Some of these double albums became surprising classics in their own right. While the Beatles doubles maintained a respectable presence in the marketplace (and in the hearts of 70s Beatles fans), other groups released truly iconic double LP compilations. Witness the Rolling Stones’ Hot Rocks series. Even though there is nothing new on the Hot Rocks collection – it is pretty much required listening for any music fan – period! Ditto for the Beach Boys with the “Endless Summer” double album. That collection helped to revitalize and re-define their career as a live act from the mid-70s to the present!

Even the Kinks got collected in the early 70s with the release of the Kinks Kronikles double album. This is such a brilliant collection of the mid-to-late 60s Reprise-era Kinks it really belongs in any music fan’s collection. The songs flow together so beautifully – whoever programmed this record was a genius. You don’t even need to read the effusive liner notes from John Mendelsohn on the inside cover to understand how this double LP makes one of the most compelling arguments for Ray Davies’ songwriting brilliance. The music speaks for itself.
So many bands had their material recycled into double album compilations at this point. Perhaps one of the best examples of how this seemingly pointless trend could yield surprisingly artistic results was the double album culled from the classic “7” albums from the Moody Blues titled simply: “This Is The Moody Blues”. There is not a single bit of unreleased music on this 2 LP set. However, the tracks are arranged and crossfaded into each other across the disc sides in such a way to give the illusion that the 7 albums the songs came from could easily be reconfigured since they’re all cut from the same cloth – artistically, sonically and aesthetically. It sounds insane to say it, but even if you already own the classic, core 7 Moody Blues albums, you still need This Is The Moody Blues – trust me.
Some artists would issue new material on double compilation albums. Bob Dylan’s Greatest Hits Volume 2 is a prime example – plenty of classic tracks alongside some exclusive songs making the purchase a must-have for true fans.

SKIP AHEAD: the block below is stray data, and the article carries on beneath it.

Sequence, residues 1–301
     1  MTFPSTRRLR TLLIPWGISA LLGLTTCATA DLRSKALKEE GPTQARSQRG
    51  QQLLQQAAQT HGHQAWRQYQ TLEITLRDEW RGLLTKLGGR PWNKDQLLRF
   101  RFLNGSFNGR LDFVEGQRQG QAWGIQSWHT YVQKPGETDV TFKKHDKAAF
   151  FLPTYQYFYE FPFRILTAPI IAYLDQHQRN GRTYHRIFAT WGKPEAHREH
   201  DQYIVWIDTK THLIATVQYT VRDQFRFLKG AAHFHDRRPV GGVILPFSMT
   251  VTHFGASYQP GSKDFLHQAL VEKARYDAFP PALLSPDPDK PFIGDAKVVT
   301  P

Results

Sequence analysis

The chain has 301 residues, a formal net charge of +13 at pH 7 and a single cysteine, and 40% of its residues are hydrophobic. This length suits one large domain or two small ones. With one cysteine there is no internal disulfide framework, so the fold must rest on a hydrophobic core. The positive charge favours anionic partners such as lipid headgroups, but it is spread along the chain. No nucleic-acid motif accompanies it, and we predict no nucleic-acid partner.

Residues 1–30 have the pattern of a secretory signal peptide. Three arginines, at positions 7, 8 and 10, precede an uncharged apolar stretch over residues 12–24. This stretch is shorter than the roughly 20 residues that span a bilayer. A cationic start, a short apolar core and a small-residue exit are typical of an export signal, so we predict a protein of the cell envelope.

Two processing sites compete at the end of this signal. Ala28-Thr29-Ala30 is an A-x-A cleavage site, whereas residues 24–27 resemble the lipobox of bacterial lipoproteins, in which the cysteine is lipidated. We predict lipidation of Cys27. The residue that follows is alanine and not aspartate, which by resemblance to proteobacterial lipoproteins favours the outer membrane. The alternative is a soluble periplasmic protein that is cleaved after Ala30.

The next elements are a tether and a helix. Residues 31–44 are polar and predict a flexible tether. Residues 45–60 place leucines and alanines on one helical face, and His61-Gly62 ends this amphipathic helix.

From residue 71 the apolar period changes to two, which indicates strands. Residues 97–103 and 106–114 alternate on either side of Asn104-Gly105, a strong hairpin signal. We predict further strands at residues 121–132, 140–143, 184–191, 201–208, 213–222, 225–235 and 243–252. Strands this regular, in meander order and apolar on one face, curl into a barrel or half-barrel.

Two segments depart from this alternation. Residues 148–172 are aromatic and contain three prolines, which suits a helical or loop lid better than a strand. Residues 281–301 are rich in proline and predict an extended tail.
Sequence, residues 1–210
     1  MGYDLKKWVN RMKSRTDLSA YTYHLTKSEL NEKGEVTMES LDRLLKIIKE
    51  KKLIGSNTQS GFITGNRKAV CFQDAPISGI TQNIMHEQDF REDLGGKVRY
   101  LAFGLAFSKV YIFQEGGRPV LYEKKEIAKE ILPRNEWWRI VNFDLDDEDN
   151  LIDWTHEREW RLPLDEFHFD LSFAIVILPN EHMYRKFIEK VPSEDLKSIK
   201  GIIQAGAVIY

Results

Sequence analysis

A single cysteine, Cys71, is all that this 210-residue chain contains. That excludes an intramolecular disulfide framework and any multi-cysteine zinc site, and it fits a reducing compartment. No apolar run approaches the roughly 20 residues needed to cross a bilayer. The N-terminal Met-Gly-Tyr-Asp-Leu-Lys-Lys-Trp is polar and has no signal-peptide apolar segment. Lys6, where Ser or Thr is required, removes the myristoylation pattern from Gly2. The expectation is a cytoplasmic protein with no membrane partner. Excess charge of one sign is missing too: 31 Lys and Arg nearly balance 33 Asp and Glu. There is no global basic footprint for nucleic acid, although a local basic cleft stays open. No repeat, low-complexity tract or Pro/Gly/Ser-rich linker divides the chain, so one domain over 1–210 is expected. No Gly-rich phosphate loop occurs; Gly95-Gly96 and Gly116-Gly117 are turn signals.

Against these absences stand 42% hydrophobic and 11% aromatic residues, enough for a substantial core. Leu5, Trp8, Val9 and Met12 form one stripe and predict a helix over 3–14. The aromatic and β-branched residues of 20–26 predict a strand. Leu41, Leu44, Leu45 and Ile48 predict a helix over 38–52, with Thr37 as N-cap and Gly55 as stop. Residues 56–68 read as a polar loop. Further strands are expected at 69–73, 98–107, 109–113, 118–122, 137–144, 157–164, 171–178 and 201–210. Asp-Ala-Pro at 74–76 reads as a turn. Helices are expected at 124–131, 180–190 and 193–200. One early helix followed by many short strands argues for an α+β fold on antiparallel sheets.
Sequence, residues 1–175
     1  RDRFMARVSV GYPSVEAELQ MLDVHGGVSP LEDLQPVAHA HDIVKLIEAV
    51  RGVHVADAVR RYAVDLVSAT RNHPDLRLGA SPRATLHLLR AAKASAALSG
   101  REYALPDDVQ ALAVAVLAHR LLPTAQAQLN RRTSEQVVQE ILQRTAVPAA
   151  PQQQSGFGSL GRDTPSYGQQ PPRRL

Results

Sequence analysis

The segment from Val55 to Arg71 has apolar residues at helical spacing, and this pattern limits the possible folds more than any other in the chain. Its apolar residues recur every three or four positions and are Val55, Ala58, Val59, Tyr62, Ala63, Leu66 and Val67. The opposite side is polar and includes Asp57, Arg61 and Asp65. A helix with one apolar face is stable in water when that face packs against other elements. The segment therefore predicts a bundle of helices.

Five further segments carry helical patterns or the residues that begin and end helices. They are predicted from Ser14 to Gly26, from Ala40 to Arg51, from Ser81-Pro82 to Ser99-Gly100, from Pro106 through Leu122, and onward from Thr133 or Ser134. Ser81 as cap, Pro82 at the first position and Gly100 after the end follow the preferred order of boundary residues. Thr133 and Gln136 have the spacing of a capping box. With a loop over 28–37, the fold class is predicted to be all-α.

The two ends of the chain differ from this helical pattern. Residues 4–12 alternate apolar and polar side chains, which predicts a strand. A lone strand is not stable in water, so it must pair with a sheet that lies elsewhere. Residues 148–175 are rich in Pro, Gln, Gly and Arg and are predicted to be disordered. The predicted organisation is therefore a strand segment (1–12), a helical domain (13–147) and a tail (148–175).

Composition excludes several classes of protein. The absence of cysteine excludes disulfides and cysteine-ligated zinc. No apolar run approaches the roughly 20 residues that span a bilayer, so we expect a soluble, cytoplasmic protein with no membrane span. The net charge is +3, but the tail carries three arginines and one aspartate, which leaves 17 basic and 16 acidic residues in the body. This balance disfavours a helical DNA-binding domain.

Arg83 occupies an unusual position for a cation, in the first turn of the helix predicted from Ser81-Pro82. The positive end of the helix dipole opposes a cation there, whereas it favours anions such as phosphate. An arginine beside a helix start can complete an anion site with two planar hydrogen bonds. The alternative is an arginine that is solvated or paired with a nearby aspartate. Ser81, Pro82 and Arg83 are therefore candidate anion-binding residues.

Why am I going on about all this? Well, this past Record Store Day, there was a re-release of a classic double compilation album on vinyl – The Doors “Weird Scenes Inside the Goldmine”. The initial copies were pressed on limited edition gold-colored vinyl and looked pretty attractive! Apparently it was a brisk seller since they tended to blow out of the shops quickly and wound up on ebay at inflated prices. So, a few months later I’m down at the Princeton Record Exchange and I get real excited to see new copies of this in the bins. Whooo! So without thinking too much I scooped one up and went about my business snapping up more LPs. When I got home was when I realized I’d made a mistake. I guess Rhino Records decided to press more of these on regular black vinyl and that’s what I bought – not the limited edition. Ooops. Well, I never did own this compilation before. Yet, I still have it sealed and I’ve been debating – should I open it and listen to it anyway? Maybe it could be on the level of This Is The Moody Blues. It does have a couple of unique tracks on it (from b-sides apparently). Ahh…..maybe another night. I’m in no hurry.
Instead I think I’m going to spin the Jefferson Airplane double LP “Flight Log”. This is interesting since it includes tracks from some of the later solo albums and runs the gamut from the first Airplane album to the Jefferson Starship era. It’s a weird collection of obvious unit-moving hits and bizarre deep cuts. Ah, back in a time before the ‘net where it is possible to hear every song ever written for free (seemingly). The whole notion of an extended “greatest hits” album would get a new lease on life in the 1990s with the proliferation of the compact disc box set craze. And just like the double compilation albums of the 70s, there would be some really excellent box sets and some clunkers. But that is a story for another time, dear reader. Until next time……keep those vibrations flowing!